John Williams is the soul of Star Wars.
From the genre-defining “Main Titles” to the ever-popular “Imperial March” to the soaring horns of “Binary Sunset,” his music unites generations of fans and gives the franchise its epic scale.
As Star Wars expands beyond the Skywalker Saga, a wealth of talented composers have stepped in to continue his legacy and establish a new sonic landscape for a galaxy far, far away.
From Clone Wars to Obi-Wan Kenobi, Rogue One to Visions, feast your ears on the 16 best musical moments in Star Wars not penned by Grandmaster Williams.
“It’s Over Now” (Kevin Kiner – Rebels Season 2)
The season 2 finale of Star Wars Rebels took the show into a thrilling new territory, and so did the soundtrack. This heart-pounding piece plays as the Ghost crew comes to terms with Kanan’s blindness and as Ezra gives into the temptation of the Sith holocron. Talk about a cliffhanger.
“Guardians of the Whills Suite” (Michael Giacchino – Rogue One)
This ethereal reimagining of the “Force Theme,” both familiar and wholly original, perfectly exemplifies Rogue One’s fresh insight into classic Star Wars territory. The beginning also bears some resemblance to “Across the Stars” from Attack of the Clones, but with a more mystical (and less tragic) subtext.
“The Mandalorian” (Ludwig Goransson – The Mandalorian)
Need we say more? The instantly iconic main title established an entirely new kind of Star Wars sound, vastly different from the classic John Williams fanfare, to mark the beginning of a new venture for Star Wars, Lucasfilm, and Disney. Whose heart doesn’t thump along with the pulsing percussion at the 46-second mark?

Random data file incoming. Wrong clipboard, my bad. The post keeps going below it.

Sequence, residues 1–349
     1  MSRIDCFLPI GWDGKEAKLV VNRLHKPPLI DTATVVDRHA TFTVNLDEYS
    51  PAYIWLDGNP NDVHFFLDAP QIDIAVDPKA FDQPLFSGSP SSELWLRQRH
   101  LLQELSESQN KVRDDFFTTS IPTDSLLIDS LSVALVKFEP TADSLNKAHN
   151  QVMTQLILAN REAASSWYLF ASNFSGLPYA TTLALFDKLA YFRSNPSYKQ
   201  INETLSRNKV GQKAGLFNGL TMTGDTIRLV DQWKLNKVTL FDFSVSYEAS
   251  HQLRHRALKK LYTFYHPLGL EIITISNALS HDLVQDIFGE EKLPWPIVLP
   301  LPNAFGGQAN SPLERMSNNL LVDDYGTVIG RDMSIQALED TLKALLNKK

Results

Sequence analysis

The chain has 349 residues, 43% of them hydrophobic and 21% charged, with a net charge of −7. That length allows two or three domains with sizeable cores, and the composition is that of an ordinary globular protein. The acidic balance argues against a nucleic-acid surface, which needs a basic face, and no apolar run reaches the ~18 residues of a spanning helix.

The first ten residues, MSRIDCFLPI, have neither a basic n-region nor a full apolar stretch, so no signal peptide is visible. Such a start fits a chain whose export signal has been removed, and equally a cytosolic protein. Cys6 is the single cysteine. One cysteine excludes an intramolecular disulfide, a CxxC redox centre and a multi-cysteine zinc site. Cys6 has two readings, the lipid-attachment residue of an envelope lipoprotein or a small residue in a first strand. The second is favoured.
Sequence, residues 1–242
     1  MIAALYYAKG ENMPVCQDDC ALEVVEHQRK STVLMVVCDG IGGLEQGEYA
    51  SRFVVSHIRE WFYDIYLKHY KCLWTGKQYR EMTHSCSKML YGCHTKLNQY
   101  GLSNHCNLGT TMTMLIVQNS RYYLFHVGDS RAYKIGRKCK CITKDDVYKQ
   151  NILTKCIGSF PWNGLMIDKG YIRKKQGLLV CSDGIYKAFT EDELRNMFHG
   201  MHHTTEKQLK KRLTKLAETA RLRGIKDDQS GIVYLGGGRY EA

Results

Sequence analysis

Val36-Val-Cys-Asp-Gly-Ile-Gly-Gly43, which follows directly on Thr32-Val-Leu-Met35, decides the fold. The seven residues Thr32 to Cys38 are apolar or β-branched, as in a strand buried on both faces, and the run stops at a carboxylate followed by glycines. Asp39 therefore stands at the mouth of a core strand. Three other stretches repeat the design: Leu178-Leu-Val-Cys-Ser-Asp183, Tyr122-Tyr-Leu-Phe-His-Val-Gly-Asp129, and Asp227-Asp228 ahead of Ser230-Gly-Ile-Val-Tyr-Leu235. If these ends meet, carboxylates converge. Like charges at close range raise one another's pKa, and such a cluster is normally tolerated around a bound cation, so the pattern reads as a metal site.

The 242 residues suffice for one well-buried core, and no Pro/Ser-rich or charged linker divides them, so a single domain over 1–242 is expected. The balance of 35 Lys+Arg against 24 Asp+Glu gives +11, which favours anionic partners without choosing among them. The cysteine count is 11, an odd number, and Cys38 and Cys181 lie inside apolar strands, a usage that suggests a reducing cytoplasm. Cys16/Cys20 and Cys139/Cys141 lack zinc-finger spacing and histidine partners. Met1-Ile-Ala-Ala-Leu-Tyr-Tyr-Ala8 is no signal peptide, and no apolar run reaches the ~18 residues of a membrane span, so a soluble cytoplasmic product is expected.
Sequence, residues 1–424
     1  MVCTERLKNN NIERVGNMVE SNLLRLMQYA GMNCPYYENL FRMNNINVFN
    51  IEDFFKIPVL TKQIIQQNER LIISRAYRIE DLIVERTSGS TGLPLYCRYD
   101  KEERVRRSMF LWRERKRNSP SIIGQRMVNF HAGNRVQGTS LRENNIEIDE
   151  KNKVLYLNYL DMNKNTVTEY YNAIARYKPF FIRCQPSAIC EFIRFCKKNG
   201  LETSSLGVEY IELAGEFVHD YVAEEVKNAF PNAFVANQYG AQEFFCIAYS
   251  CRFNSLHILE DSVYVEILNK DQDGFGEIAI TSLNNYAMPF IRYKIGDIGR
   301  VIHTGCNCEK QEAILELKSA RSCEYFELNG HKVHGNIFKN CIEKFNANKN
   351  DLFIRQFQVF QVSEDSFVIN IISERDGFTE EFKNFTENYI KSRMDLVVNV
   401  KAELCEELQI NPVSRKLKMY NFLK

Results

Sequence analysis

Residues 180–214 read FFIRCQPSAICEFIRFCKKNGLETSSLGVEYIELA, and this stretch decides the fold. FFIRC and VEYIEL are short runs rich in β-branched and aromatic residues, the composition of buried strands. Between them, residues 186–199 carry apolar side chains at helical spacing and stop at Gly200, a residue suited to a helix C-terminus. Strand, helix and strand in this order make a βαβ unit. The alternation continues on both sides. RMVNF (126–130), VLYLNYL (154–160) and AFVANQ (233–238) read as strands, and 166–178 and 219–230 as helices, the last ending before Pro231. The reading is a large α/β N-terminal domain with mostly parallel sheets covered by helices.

“Ahsoka Leaves” (Kevin Kiner – The Clone Wars Season 5)
In the moment that broke fans’ hearts and made Anakin’s fall truly inevitable, Ahsoka walks away from the Jedi Order into the sunset of Coruscant, accompanied by a gorgeous, haunting theme of her own. With rich strings at the top and mellow woodwinds to conclude, it is both a lament and a stirring song of independence. (And check out Ludwig Goransson’s epic callback to this piece in Season 2 of The Mandalorian, entitled “Ahsoka Lives.”)
“The Book of Boba Fett” (Ludwig Goransson – The Book of Boba Fett)
Not everyone was enthusiastic about The Book of Boba Fett, but no one can argue that this theme slaps. And tell me you didn’t get hyped when the end credits of the final episode brought our dude’s name into the vocals! “FETT!”
“End Credits” (Kevin Kiner – The Bad Batch)
We first heard the Clone Force 99’s badass theme when they appeared in Season 7 of The Clone Wars, but the “End Credits” to The Bad Batch blends the boys’ theme with Omega’s theme, a hopeful motif that captures our girl’s spark and empathy. We can’t wait for more when Season 2 hits in January!
“Journey Into the Star Cluster” (Kevin Kiner – Rebels Season 2)
Rebels fans got so much good music in Season 2. The unearthly strings of “Journey into the Star Cluster” made the Ghost’s treacherous flight unforgettable as they searched for the new Lasat homeworld.
“Days of Alderaan” (Natalie Holt – Obi-Wan Kenobi)